First of all: Science is not a democracy. The majority/mainstream is not always right, the minority (or even an individual) not always wrong (case in point: Dan Schechtman).
Now, having an "exotic" opinion does not make it right. Hence, one principle which I found useful to apply when considering an exotic opinion is whether it is a genuine opinion of whoever expresses it. I distinguish this from just parroting someone else's opinion - examples for the latter are conspiracy theories; furthermore, there are other expressions of opinions, such as conjuring of structure, or rhetorics.
If the opinion is genuine, you can learn from it. You do not have to agree, but I found it fun to learn from this. In fact, I had some of my most enjoyable discussions with people like that and in several cases managed to turn their own thought complex around and convince them why the scientific method is actually the right thing to do - it worked because their thought complex was genuine, and expressed an - even if unorthodox - intellectual honesty. People like that can be brought to appreciate (even if not always agree) with "classical" science. On the other hand, they can be very inspiring discussion partners from which one can learn alternative (even if possibly incorrect) perceptions on the world. One needs patience - and only spend that time if you like that type of discussion, but it can be rewarding.
Then there are the others: the ones who reproduce scientific conspiracy theories. These people are not interested in science or an approximation of "truth". Rather, this is - in my experience - driven by contrarianism to the "scientific elite", distrust of scientists due to regular reports on scandals, the inherent doubt of science, or political agendas (about these more below). This cannot be addressed by purely scientific means, although you will need to know your facts extremely well. However, much more important is to address the agenda that these people have or inner contradictions. It can help to operate with their own thinking.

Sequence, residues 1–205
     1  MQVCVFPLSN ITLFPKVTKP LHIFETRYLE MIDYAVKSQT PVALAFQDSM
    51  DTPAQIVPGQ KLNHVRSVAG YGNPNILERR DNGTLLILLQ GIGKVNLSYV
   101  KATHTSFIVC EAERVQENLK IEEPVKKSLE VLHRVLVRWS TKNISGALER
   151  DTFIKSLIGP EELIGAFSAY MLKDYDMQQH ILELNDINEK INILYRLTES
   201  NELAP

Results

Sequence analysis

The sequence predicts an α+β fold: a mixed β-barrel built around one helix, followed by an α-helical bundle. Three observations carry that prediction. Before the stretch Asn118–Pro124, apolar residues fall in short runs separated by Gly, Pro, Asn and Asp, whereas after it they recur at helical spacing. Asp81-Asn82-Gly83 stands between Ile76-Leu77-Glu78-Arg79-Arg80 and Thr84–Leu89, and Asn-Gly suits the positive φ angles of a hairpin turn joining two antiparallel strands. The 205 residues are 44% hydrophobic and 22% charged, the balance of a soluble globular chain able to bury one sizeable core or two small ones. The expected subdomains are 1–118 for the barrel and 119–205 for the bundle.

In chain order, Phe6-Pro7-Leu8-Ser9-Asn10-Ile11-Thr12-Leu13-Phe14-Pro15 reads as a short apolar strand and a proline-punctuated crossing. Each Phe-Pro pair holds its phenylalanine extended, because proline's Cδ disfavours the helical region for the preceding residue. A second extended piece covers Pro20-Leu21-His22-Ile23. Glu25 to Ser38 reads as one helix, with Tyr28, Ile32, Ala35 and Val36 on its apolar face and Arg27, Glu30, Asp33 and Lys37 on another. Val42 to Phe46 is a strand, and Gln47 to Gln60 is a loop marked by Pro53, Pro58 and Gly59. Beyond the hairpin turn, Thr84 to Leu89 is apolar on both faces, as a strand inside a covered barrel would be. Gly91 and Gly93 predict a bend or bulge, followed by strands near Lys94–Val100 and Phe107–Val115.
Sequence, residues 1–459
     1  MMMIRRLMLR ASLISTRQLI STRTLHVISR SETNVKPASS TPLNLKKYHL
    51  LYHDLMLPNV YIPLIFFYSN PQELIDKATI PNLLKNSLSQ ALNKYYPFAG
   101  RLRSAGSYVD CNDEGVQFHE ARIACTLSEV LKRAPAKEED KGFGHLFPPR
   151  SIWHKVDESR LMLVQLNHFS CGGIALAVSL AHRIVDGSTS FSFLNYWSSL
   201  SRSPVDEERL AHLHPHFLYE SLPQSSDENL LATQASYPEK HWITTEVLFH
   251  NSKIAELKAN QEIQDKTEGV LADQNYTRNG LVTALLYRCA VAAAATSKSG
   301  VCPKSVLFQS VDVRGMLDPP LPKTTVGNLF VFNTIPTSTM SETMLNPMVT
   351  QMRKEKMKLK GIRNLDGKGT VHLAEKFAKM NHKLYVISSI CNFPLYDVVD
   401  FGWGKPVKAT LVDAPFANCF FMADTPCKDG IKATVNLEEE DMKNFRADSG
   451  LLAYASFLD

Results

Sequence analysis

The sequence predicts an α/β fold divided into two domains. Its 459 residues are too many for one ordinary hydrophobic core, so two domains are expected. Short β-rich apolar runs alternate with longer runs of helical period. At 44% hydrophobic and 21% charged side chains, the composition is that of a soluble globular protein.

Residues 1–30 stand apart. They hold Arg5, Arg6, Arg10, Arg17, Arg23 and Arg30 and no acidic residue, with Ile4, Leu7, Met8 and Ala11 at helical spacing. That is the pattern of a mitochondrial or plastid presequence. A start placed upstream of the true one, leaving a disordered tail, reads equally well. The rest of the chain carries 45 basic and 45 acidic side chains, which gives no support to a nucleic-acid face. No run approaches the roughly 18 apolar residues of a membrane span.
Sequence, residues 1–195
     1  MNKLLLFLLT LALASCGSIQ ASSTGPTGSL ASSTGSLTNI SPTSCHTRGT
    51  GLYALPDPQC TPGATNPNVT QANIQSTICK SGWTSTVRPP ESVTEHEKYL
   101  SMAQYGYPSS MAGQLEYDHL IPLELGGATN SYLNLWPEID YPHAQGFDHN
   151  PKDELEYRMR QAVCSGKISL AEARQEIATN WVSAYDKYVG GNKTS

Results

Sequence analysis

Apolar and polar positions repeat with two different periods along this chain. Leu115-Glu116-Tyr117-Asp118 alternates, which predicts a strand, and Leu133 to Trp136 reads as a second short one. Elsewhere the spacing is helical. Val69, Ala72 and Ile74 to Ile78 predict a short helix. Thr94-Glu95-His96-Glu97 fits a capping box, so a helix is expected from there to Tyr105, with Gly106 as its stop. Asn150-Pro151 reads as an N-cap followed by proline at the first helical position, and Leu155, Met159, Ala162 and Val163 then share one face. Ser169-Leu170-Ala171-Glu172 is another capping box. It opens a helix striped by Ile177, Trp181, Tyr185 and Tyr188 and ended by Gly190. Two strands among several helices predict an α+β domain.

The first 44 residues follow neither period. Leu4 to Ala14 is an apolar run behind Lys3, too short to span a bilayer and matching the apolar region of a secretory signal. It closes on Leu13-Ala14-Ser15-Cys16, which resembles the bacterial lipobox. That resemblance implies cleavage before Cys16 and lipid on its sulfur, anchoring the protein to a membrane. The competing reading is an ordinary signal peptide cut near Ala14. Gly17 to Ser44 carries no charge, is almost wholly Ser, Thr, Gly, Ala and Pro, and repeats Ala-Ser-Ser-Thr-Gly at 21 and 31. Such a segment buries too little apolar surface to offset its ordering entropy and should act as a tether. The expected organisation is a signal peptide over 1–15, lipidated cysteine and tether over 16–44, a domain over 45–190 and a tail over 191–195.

I'll invent a synthetic example: say, somebody believes the moon landing was faked. There are of course a lot of down-to-earth arguments trying to establish why this belief is wrong. However, a true believer may not be swayed by them. Rather, here one could address the question of whether they believed that humans built the pyramids. If they say yes, then the question would be why they believe that 4000 years ago people were able to build pyramids and in the time of rocket, atom and transistor they should not be able to send a human to the moon, when satellite communication is almost standard. If they say no, e.g., they were helped by aliens in building the pyramids, then one could play the ironic game and ask why they think those aliens couldn't have helped NASA, after all they can always consult them in Area 51 - make sure you wear a smirk to avoid being mistaken for taking this belief serious, of course. The point is not to convince them, but play a "Xanatos Gambit" where they have a choice of going for the boring down-to-earth explanation that conventional people accept, or pushing their own far-fetched belief to absurd conclusions. This method works surprisingly often when appropriately used. It corresponds to a proof by contradiction in math.
Conjuration of Structure
The example OP shows probably falls into this category - self-enamoured conjuration of structure; it is trying to bring order into a chaotic field. It recalls the way alchemists tried to structure the world, or, to name a more concrete example, Keplerian's Harmonices Mundi. While there is no real evidence to it, it is a mental exercise - sometimes to be taken more, sometimes less serious - to put things into their rightful place.